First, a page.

The decision last month by the News & Record newspaper in Greensboro, NC, to accept underwriting from a local non-profit to fund arts coverage has plenty of critics, including the paper’s former editor. Instead of one deep pocket, The Columbia Journalism Review argues that many shallow pockets, in the form of crowdfunding, is potentially a better model for the industry to follow. It’s one that David Cohn, founder of one of the first journalism crowdfunding projects, supports:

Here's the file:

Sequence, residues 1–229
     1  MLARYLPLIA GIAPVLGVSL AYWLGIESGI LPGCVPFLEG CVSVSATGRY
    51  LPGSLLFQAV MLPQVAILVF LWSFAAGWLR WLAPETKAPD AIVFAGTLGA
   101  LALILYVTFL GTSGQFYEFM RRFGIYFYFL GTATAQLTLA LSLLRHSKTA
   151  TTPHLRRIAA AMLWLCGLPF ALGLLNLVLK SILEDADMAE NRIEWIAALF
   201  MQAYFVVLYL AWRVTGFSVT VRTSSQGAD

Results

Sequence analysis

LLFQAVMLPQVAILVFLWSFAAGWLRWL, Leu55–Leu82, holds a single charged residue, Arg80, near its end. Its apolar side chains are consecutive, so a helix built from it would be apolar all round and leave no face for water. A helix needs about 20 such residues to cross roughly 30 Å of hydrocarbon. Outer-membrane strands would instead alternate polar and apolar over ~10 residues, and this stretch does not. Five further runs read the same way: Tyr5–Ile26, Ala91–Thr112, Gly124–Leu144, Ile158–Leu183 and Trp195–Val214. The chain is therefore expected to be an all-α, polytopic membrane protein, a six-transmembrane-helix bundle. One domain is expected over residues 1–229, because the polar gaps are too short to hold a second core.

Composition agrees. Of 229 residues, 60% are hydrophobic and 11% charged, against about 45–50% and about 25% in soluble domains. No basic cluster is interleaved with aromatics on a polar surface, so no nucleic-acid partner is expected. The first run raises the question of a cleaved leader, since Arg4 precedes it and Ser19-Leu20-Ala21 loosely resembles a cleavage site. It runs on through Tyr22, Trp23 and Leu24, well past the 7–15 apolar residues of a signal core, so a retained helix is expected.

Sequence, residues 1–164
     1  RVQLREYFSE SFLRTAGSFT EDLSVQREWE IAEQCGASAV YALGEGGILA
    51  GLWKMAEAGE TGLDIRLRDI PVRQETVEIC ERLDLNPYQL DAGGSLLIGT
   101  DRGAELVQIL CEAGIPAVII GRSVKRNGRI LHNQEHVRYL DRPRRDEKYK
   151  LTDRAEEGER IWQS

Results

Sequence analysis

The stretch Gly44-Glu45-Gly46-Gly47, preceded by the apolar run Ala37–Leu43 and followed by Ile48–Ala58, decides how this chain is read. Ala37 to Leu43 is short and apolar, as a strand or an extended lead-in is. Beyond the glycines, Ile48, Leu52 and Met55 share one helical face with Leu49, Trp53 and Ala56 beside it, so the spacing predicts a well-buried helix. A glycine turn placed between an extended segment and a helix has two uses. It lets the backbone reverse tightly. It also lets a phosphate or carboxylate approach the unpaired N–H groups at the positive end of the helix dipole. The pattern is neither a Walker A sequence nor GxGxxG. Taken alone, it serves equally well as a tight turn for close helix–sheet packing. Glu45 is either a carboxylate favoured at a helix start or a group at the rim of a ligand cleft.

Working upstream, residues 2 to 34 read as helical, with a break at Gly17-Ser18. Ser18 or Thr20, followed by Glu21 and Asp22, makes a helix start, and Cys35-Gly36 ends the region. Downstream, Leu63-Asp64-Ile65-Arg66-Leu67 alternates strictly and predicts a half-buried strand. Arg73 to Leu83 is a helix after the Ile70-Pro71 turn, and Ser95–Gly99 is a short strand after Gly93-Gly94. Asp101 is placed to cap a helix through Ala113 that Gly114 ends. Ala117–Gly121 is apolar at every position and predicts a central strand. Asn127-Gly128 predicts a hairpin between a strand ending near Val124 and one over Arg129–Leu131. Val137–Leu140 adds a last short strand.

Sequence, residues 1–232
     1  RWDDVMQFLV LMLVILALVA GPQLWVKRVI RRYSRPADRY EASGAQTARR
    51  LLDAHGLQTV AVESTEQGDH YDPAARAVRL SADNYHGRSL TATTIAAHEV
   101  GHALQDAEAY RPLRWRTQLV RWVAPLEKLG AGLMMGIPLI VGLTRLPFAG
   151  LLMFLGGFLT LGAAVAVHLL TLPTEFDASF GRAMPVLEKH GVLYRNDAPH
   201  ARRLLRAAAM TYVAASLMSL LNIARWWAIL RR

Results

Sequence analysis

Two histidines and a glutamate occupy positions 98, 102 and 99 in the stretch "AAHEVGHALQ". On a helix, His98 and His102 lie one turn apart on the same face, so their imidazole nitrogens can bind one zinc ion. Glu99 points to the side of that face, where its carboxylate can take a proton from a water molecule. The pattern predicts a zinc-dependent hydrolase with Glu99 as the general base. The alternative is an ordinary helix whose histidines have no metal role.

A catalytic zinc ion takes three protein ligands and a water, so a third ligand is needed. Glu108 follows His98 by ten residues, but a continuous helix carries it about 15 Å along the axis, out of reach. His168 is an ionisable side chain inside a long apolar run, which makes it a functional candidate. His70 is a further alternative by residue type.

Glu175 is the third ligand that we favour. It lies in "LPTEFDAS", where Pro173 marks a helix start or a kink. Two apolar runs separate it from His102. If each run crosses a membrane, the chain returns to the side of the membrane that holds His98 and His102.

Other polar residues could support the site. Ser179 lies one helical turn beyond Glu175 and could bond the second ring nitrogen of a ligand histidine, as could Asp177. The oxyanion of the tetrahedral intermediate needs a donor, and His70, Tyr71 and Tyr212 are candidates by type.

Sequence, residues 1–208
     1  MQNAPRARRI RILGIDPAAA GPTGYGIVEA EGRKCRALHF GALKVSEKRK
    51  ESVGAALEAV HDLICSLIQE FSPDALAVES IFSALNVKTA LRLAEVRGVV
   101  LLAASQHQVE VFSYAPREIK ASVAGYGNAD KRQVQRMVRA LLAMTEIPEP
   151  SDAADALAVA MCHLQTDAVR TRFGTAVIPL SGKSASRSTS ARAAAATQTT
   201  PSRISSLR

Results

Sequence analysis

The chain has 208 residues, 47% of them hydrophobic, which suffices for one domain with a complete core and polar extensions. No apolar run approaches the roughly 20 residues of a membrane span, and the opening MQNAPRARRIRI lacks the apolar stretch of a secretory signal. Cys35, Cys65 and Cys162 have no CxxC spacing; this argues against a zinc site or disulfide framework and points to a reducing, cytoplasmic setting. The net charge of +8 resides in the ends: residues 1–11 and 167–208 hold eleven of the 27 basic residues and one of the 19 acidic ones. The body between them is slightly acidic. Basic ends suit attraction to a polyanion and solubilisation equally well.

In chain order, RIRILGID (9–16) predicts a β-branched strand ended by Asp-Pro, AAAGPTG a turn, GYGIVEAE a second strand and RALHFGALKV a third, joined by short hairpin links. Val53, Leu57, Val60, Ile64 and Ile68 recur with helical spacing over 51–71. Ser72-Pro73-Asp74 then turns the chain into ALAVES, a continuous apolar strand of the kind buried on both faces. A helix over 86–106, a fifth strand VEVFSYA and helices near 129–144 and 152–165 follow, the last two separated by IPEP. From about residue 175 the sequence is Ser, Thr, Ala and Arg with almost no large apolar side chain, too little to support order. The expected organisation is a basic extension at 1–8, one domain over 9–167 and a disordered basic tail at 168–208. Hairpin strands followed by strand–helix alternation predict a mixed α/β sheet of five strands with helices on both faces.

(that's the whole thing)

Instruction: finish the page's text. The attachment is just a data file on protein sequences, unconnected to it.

I’m not trying to suggest that you just have to do this and all of a sudden all the woes of economics in journalism are solved. But it is low-hanging fruit. It’s not that difficult to implement. The technology is not mind-blowing.
Crowdfunding has already gained some traction in the wider journalism world. One platform, Beacon Reader, now lets readers fund specific topics as well as individual journalists. In Germany, meanwhile, Krautreporter recently managed to hit up 17,000 people for money and raised over a million euros. All because, as Krautreporter succinctly puts it, “Der online-journalismus ist kaputt”.